Tag Archives: Makeup

Derm News Friday, February 25

Laser Technology Might Help Doctors Diagnose Melanoma -U.S. News & World Report

Lasers ID deadly skin cancer better than doctors -EurekAlert

Tattoos as Makeup? Read the Fine Print -New York Times

Health Tip: Does Acne Need a Doctor’s Care? -U.S. News & World Report

Dry Electric Current Stops Sweaty Palms -Web MD


Derm News Wednesday, June 16

When to Come in From the Sun -Wall Street Journal

*Read and learn more about about UV wristbands

Makeup and skin products that are fresh, new and natural -Los Angeles Times

Experimental Drug Improves Survival in Advanced Melanoma -NCI Cancer Bulletin

BRAF inhibitor shows promising preclinical activity against melanoma -EurekAlert

ALS Drug Further Validated for Melanoma Treatment Benefit -Newswise

Bad Habits for Your Skin

Everyone has bad habits. While some of these vices might cause immediate damage, most of them will cause damage you’ll only notice in the future, when it’s too late to reverse it. Start remedying these bad habits now to keep your skin looking youthful as long as possible.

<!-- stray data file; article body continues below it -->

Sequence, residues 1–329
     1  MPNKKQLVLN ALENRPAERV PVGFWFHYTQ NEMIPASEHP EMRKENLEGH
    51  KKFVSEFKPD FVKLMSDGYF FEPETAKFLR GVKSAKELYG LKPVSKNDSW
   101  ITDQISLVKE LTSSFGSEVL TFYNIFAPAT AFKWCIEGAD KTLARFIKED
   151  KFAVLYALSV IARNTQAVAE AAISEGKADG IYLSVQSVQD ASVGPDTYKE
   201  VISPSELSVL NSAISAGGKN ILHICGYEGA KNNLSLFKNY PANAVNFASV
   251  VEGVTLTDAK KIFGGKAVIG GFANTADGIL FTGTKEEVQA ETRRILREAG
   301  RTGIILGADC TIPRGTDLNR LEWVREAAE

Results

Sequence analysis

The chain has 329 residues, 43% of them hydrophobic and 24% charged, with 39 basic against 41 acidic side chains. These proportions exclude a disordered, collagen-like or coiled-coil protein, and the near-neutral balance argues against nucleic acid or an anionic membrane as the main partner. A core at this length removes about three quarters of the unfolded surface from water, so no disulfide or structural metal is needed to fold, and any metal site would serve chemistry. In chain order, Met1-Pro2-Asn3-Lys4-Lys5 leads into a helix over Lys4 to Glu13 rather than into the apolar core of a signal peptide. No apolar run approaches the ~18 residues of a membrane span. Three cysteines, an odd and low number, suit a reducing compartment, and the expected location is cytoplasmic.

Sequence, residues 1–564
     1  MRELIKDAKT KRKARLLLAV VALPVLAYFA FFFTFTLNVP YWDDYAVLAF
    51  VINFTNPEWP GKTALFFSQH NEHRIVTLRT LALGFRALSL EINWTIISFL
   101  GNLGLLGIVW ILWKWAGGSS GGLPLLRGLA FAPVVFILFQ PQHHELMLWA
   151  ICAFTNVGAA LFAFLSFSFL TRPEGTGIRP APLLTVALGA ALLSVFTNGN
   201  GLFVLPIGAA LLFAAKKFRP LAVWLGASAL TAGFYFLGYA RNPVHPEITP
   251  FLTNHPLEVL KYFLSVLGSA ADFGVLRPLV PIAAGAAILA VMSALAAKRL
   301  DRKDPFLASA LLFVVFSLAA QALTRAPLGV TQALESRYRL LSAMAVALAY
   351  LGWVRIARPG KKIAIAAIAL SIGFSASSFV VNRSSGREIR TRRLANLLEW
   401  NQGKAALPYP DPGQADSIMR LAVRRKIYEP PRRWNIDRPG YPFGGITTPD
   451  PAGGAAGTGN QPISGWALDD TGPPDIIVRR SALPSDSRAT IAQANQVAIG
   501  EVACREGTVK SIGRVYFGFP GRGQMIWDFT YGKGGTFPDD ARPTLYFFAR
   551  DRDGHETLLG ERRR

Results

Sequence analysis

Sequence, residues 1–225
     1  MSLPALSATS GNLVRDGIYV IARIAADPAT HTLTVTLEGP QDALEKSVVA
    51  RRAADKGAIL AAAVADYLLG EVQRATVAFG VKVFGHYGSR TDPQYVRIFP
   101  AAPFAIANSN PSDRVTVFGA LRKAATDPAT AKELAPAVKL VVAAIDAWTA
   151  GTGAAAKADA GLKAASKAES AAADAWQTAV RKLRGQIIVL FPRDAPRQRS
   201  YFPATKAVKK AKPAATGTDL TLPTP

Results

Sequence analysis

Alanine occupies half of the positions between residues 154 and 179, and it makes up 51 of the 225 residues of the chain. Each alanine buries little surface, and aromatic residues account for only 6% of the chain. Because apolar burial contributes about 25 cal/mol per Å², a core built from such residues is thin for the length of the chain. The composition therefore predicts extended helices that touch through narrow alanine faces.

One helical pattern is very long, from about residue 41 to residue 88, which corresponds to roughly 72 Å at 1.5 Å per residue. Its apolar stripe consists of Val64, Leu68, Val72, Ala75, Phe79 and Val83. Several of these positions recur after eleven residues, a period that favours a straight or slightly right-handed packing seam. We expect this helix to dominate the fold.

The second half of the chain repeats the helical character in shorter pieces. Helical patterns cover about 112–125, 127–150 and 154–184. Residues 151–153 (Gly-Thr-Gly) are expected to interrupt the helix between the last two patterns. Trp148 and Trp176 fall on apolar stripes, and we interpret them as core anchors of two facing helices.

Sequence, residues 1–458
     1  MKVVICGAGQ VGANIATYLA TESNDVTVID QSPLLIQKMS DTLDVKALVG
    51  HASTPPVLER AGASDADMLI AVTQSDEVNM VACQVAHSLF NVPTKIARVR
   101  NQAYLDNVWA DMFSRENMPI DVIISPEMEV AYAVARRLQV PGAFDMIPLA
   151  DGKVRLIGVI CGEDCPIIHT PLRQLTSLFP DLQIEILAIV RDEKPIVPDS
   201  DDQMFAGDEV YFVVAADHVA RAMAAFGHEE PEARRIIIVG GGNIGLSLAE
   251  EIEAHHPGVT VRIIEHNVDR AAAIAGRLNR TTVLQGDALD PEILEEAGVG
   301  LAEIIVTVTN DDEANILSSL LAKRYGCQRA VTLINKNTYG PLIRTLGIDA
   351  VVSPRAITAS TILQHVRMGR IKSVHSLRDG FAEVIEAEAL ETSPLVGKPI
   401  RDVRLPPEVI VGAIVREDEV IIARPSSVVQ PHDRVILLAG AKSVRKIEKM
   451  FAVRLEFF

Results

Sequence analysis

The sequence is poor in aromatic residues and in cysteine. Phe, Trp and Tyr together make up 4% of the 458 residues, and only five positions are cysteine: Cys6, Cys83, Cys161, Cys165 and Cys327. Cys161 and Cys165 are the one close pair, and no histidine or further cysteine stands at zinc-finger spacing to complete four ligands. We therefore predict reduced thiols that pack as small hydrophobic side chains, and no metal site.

*Smoking. The nicotine in cigarettes narrows the blood vessels in the outer layer of the skin. With less blood flow, the skin is deprived of oxygen and essential nutrients. Many of the thousands of chemicals in cigarettes also damage collagen and elastin, fibers that give skin it’s strength and stability. Consequently, they make the skin sag and wrinkle prematurely. And the facial expressions you make while smoking (pursing your lips while inhaling, squinting your eyes to keep out the smoke) may contribute to wrinkles.

*Sun. The rays that are kissing your skin now will damage it in due time. Unlike typical skin aging, characterized by the development of fine wrinkles and skin growths, photodamage is characterized by coarsely wrinkled skin, due to breakdown of collagen, spots of extra pigment or lost pigment and dilated blood vessels on the face. Sun damage also has been associated with the development of cancerous growths, with some research suggesting that the sun causes at least 90% of all skin cancers.